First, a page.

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Published: September 12th 2006
Ventured back to the Volta last weekend. September 9
: Arrived in Tafi Atome, I discovered that the only accomodation in the village was occupied by a small group of Danish volunteers. This initially disheartening revelation soon turned into an opportunity, and a very kind local invited me to stay at her home for the evening! I will not even attempt to spell her name, it was very peculiar, but she was incredibly hospitable and I immediately felt at home in her small place. Before she served supper, I ventured into the village (which was populated by no more than 1,000 people by my estimate) and weaved my way through mud-and-thatch houses, marveling at young boys making kente and old women cooking palm oil. I quickly attracted a flock of young children, who yelled and giggled with excitement whenever I acknowledged their presence, and several curious adults. I eventually decided to take out my camera and ask an older man for permission to photograph the village, and with the little English he spoke, he replied that I was welcome to snap away. Showed the children my camera, and after taking a picture of four in the immediate area, turned to show
them the image on the LCD screen. Caused quite a commotion. The children went wild with excitement and it seemed every young child in the area (some partially clothed, some naked as the day they were born) wanted to strike a pose for the camera. Needless to say, I got some great shots of the children and myself and, when I was satisfied with my pictures, a man volunteered to take me around the village and explain (with broken English, for most people in this town speak only their dialect of the Ewe language) the various activities occuring just beyond the thatched fences and mud walls.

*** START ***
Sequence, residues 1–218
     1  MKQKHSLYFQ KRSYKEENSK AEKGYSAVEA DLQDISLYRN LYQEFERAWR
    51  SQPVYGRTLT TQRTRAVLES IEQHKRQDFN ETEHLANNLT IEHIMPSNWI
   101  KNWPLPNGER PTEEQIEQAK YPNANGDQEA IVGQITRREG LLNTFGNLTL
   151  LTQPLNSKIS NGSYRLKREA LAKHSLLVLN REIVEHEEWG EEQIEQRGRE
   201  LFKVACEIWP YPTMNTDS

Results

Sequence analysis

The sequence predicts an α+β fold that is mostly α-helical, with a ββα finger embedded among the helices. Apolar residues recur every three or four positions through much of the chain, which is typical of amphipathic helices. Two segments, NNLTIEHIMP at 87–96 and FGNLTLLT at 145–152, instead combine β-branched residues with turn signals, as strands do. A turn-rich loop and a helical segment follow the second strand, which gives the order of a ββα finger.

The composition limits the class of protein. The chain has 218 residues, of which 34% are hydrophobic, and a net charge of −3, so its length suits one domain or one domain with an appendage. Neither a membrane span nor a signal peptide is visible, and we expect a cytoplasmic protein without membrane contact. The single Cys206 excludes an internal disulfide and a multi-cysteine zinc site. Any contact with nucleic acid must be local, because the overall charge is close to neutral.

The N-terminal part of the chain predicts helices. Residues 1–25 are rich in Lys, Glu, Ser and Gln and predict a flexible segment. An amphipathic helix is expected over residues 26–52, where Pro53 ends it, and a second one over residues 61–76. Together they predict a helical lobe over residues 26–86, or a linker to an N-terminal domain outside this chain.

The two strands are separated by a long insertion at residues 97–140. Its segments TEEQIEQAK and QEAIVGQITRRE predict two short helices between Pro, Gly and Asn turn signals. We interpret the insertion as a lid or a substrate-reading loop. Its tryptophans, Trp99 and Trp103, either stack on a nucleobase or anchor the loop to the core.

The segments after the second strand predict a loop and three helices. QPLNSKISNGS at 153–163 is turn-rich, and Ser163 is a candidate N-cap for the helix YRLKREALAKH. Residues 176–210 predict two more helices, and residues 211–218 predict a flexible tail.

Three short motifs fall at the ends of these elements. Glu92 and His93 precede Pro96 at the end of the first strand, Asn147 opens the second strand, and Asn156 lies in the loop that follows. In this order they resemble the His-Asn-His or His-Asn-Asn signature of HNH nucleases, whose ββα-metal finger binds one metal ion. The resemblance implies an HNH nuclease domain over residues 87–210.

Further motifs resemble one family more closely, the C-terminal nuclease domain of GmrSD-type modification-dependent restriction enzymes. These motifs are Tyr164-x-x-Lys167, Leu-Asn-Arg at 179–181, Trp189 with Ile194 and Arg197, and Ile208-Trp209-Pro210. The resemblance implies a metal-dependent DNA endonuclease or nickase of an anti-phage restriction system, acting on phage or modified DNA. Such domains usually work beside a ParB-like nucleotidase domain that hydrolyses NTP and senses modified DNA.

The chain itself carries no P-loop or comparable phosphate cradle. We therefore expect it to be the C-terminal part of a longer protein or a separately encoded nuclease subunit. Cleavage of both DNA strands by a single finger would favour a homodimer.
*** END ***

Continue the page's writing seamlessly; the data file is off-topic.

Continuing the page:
I later returned to my hostess' humble residence to feast on - what else - rice and sauce, at times being interupted by a boom of gunfire. Pushing the frames of her thick black Buddy Holly glasses with her index finger, the woman explained that a village child had been killed by a snake the previous day while walking to school. The people of the village were conducting the service nearby, honoring his life by firing old muskets every hour. September 10
:Watching monkeys swing through the trees near the village this morning.
Some of Monas came within 2-3 feet of me as they searched for food in the village. At around noon, I caught a tro-tro to Hohoe, the second largest "city" in the region (around 90,000) and from there, arranged accomadation before finding another tro-tro headed to Wli falls, on the Ghana-Togo border. After an easy 45 minute hike through dense jungle and over meandering streams, I was greeted with the sight of Ghana's largest waterfall, Wli, which cascaded from a ridge 60 meters above. I was drenched from the cool mist of the falls and from the muggy air of the jungle, but I felt absolutely at peace listening to the waters thunder nearby. Countless fruit bats flying overhead added a cacophonous chirping to the experience.
Heading off to Kumasi and the Northern Region this weekend for my field studies class. Stay tuned.
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